I feel stupidly strong and needy all at the same time. I feel lonely, yet loved. I feel numb and choked, yet I can still make my Dad (step-dad) laugh a little. Although he is devastated.

I lost my brother in December. Now it's time to be brave again. I'm getting ready to say goodbye again. I know this is all part of life. You may have been through this already with a parent. Or another loved one. I know that many Moodscopers have.

I'm so sorry that this is a sad blog and I certainly don't want to rake up painful memories for anyone. I'm just asking for your support. A hug would be lovely. Thank you.

Jane SG
A Moodscope member.

Thoughts on the above? Please feel free to post a comment on our blog on the Moodscope web site:

https://www.moodscope.com/blog/saying-goodbye

Friday, 1 September 2017

Boys Don't Cry.

I casually remarked to the Man with Two Brains that it seemed to be the case that the majority of the bloggers and contributors to Moodscope were women.

That familiar smirk, he's about to say something he thinks is very clever.

"It stands to reason doesn't it? You're all nutters. These forums are all filled with women having a good moan"

I should explain that he is so-called high functioning Aspergers. One of three brothers, no sisters, off to boys boarding school aged 12, followed by a largely male college at Oxford, Officer in the Navy, then career in engineering. Only three girlfriends in his life including me. I say "girlfriends" but soft-hearted charitable ladies would be more accurate.

All of this makes him eminently qualified, in his eyes, to be an expert on female psychology. We once read a book and did tests on the extreme male/female brain. We are each perfect examples.

To be fair to him, he is very respectful of the few women he encounters in his professional life. We have had very many rocky patches in our years together. Were it not for our adored rescue dogs I doubt we would be together today. One particularly bad patch was last winter. I asked if he would consider finding himself a therapist. If I am honest, it was not because I hoped it would help us stay together, things seemed to have gone too far. My main intention was to allow us to discuss parting without bringing on one of his meltdowns.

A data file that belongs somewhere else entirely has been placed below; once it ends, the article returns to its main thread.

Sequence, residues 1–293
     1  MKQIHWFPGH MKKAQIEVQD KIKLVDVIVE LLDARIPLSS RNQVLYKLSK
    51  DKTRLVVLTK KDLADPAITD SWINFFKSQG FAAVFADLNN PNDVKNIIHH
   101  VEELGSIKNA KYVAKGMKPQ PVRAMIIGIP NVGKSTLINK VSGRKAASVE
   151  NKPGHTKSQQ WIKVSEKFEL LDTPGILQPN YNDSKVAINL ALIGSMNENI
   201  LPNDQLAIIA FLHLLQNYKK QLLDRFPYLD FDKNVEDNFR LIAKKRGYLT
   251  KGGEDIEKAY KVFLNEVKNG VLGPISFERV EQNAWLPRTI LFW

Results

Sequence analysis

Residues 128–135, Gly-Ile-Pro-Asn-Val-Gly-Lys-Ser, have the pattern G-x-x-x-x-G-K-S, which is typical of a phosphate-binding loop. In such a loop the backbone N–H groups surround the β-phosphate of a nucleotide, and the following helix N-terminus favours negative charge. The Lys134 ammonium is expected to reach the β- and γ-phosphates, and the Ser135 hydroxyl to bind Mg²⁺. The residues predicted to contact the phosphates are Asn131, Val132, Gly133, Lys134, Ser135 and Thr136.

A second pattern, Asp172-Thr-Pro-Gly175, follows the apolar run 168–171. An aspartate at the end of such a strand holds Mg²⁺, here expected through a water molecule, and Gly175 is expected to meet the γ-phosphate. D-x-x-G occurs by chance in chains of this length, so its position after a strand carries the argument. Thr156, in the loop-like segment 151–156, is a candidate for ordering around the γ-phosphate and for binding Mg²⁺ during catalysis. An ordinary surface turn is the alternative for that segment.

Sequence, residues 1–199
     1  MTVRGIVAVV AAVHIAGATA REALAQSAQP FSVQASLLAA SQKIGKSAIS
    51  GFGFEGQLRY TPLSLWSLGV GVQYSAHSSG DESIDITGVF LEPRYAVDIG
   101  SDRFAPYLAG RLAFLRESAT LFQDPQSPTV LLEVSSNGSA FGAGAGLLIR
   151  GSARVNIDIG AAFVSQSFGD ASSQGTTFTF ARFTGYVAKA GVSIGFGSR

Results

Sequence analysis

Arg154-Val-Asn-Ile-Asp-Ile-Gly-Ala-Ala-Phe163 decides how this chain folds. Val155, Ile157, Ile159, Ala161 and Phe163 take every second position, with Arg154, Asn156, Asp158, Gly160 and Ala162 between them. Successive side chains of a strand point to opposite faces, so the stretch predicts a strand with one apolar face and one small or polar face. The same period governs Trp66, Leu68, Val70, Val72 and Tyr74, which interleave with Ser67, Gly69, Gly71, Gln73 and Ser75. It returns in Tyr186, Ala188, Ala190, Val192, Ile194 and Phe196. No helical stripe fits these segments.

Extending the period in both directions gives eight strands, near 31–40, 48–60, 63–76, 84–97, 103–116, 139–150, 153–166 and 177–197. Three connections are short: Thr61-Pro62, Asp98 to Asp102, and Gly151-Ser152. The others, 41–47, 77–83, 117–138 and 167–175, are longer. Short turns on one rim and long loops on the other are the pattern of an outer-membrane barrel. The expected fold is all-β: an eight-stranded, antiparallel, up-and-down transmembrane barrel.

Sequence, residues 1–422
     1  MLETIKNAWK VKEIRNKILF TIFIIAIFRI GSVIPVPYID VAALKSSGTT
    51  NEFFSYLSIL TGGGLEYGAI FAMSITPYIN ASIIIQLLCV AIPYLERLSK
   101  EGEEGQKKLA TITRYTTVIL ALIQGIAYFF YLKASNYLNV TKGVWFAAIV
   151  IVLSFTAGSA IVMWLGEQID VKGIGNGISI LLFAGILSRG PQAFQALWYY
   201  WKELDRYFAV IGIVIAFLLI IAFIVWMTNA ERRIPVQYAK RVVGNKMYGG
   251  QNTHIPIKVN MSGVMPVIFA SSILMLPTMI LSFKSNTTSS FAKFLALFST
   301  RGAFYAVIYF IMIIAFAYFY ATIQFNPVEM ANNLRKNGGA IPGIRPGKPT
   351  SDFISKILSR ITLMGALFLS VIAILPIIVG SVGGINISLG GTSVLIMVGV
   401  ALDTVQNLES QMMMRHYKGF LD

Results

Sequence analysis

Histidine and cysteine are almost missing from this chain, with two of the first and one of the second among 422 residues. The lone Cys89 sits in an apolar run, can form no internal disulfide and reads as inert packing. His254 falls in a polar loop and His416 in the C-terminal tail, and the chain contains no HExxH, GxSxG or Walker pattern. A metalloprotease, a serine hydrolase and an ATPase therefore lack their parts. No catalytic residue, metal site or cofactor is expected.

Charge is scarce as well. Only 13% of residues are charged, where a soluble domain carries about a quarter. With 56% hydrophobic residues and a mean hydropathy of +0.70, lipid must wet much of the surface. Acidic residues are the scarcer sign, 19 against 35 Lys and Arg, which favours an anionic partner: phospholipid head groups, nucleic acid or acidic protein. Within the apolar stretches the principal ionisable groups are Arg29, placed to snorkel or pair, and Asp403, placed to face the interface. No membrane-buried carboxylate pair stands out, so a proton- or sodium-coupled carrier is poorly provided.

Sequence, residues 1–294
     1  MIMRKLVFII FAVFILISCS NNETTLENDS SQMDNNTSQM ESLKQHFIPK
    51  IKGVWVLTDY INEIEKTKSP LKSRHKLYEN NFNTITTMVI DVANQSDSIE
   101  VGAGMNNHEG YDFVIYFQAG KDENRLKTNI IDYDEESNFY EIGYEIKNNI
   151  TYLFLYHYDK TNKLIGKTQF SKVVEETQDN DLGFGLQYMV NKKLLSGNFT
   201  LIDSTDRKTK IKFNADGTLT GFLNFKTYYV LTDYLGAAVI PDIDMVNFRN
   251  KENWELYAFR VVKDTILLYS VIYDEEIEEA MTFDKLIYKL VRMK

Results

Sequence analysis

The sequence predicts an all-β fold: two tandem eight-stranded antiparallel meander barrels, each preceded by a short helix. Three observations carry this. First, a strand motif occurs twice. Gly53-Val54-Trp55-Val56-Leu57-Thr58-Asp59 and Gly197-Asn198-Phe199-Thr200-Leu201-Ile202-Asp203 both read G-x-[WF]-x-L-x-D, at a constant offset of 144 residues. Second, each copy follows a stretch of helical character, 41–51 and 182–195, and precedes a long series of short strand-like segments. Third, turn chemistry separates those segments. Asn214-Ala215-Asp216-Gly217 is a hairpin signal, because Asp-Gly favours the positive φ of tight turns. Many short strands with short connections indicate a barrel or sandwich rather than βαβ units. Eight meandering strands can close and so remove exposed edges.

To my great surprise he agreed. His chosen therapist was a woman of around my age (I am older than him). They got on well, and he accepted a lot of her insights. We are still together, and I have no doubt he will go back to therapy if the need arises.

This got me thinking though. Are there actually more female members of Moodscope? Do the men feel intimidated? I wonder if they are more inclined to do the daily test. It is a bit technical and maybe they relate to it more easily. I hardly ever do the test, but I do read the blogs and comments nearly every day.    

I would really like to hear the male viewpoint on mental illness, anxiety, mood swings, despair. Are they having to put on a brave act with everyone in their lives? I think it is true that in all age groups men are at much higher risk of suicide than women. Why is this?

Come on boys,have a good moan, you never know, it might help.

Valerie
A Moodscope member.

Thoughts on the above? Please feel free to post a comment on our blog on the Moodscope web site:

https://www.moodscope.com/blog/boys-dont-cry